Looking Ahead at the Proposed Overtime Rule
Wednesday June 19th, 2019
Estimated time to read: 1 minute, 30 seconds
The U.S. Department of Labor recently released a Notice of Proposed Rulemaking that would revise the federal overtime regulations. This notice begins a public comment period that will last for 60 days and allow people to share their feedback about the proposal.
The release of a change to the overtime rule has been highly anticipated since the substantial change to this rule was blocked by a federal judge under President Obama. It was posted to the U.S. Department of Labor’s Wage and Hour Division website on March 7.
Under this proposal, the standard salary threshold for administrative, professional, and executive white-collar workers would increase to $35,308 per year, or $679 per week. This marks an increase over the current level of $23,660 per year or $455 per week. Those who fall under the salary threshold are required to be paid time and one-half their standard hourly rate for any hours they work that exceed 40 in a week. The current level was established in 2004.
Under President Obama, a proposed change was slated to go into effect in December 2016 and increased the salary limit to $47,476 annually, which nearly doubled the current limit. This proposed change is more modest than what was previously blocked by the federal court in Texas. When President Trump took office, officials at the Department of Labor (DOL) began revising the regulations around overtime to come up with a new proposal. During this period, officials also requested information from the public on several key topics:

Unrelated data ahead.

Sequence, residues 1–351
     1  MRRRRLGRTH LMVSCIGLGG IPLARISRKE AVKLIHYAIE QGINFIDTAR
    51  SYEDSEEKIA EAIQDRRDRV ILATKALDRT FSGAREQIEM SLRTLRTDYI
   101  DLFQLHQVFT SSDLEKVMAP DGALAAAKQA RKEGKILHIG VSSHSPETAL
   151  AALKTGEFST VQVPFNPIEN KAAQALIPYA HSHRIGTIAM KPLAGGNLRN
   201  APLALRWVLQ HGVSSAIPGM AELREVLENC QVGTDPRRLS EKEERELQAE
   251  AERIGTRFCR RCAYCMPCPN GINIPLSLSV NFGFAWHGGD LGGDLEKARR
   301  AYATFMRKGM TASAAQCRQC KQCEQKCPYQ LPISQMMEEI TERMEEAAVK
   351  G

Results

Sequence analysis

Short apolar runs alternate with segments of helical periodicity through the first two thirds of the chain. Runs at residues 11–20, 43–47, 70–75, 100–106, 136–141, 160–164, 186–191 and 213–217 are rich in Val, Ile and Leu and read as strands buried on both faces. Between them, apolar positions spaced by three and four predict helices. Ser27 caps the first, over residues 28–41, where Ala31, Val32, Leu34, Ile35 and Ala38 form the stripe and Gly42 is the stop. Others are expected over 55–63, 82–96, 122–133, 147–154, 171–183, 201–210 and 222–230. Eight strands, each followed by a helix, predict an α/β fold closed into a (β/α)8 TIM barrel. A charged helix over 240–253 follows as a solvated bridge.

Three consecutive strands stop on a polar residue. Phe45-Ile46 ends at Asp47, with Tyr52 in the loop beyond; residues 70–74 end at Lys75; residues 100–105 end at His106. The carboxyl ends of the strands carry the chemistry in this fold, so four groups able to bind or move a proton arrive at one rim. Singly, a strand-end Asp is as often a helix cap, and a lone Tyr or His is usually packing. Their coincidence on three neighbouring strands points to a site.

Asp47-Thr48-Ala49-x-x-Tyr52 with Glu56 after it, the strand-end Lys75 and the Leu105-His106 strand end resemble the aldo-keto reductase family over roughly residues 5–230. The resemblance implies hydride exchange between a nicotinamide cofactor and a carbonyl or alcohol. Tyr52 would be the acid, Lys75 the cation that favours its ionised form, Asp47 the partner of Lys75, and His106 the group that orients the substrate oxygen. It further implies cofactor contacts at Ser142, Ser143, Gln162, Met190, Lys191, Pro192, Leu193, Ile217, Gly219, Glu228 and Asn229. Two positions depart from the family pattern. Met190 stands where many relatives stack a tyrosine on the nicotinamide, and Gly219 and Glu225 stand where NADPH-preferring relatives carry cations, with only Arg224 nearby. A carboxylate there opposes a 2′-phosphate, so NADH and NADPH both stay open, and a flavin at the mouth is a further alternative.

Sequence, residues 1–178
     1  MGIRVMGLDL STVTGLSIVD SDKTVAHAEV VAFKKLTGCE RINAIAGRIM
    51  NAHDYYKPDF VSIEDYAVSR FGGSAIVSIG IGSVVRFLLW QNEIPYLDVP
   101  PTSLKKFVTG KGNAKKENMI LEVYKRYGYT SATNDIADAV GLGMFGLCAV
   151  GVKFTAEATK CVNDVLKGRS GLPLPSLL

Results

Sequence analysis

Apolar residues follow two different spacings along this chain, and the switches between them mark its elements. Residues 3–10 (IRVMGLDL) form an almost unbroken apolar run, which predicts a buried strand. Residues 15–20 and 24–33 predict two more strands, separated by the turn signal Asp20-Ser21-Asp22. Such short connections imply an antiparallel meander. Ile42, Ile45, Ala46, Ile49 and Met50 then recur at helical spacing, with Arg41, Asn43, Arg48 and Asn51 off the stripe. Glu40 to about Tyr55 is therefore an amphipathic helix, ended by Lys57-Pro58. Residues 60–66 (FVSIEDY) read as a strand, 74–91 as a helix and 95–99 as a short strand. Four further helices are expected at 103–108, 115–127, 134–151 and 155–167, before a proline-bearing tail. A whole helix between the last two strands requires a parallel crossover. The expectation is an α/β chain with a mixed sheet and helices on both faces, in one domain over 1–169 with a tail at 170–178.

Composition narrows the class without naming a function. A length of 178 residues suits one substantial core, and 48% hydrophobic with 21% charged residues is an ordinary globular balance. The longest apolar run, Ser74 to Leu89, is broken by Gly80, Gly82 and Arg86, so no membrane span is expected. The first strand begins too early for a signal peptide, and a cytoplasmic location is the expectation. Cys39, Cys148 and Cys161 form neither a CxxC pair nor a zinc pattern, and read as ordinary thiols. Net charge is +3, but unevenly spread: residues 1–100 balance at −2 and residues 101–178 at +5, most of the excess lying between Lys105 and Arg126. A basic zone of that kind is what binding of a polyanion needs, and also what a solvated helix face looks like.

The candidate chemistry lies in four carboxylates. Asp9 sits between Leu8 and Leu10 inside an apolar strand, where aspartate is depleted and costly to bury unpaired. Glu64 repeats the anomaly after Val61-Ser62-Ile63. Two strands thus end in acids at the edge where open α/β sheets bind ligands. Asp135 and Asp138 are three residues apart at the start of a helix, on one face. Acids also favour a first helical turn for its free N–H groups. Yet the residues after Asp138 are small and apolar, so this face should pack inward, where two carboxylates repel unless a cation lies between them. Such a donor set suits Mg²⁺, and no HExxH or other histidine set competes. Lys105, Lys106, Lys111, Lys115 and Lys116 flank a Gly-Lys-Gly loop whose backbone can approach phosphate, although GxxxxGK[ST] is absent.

- Whether to vary the salary threshold on a regional basis
- Where the salary threshold should be
- Whether the salary threshold should be updated automatically on an annual or multi-year basis
If adopted, the new proposal would allow employers to include commissions and bonuses to make up 10% or less of an employee’s total salary. The proposal does not include a plan to automatically update the salary threshold every three years. If the DOL wishes to modify the threshold in the future, it would have to go through the same process to do so. Within the proposal, the DOL would review every four years.
If the threshold does increase, employers would have to review the salary levels of all applicable employees, or those who earn $35,308 per year or less. From there, they would need to calculate the cost of increasing the salary to the threshold amount to avoid paying overtime and compare that cost to what an employee might earn if he or she is reclassified as an hourly employee and earns overtime pay for all hours worked over 40 in a workweek.
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